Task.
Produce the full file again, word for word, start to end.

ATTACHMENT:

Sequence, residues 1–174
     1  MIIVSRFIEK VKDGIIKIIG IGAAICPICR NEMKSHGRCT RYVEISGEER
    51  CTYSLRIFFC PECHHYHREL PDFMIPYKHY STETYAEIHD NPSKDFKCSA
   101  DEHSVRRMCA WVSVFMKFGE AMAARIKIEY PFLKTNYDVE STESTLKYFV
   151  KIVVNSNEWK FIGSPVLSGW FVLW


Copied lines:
Sequence, residues 1–174
     1  MIIVSRFIEK VKDGIIKIIG IGAAICPICR NEMKSHGRCT RYVEISGEER
    51  CTYSLRIFFC PECHHYHREL PDFMIPYKHY STETYAEIHD NPSKDFKCSA
   101  DEHSVRRMCA WVSVFMKFGE AMAARIKIEY PFLKTNYDVE STESTLKYFV
   151  KIVVNSNEWK FIGSPVLSGW FVLW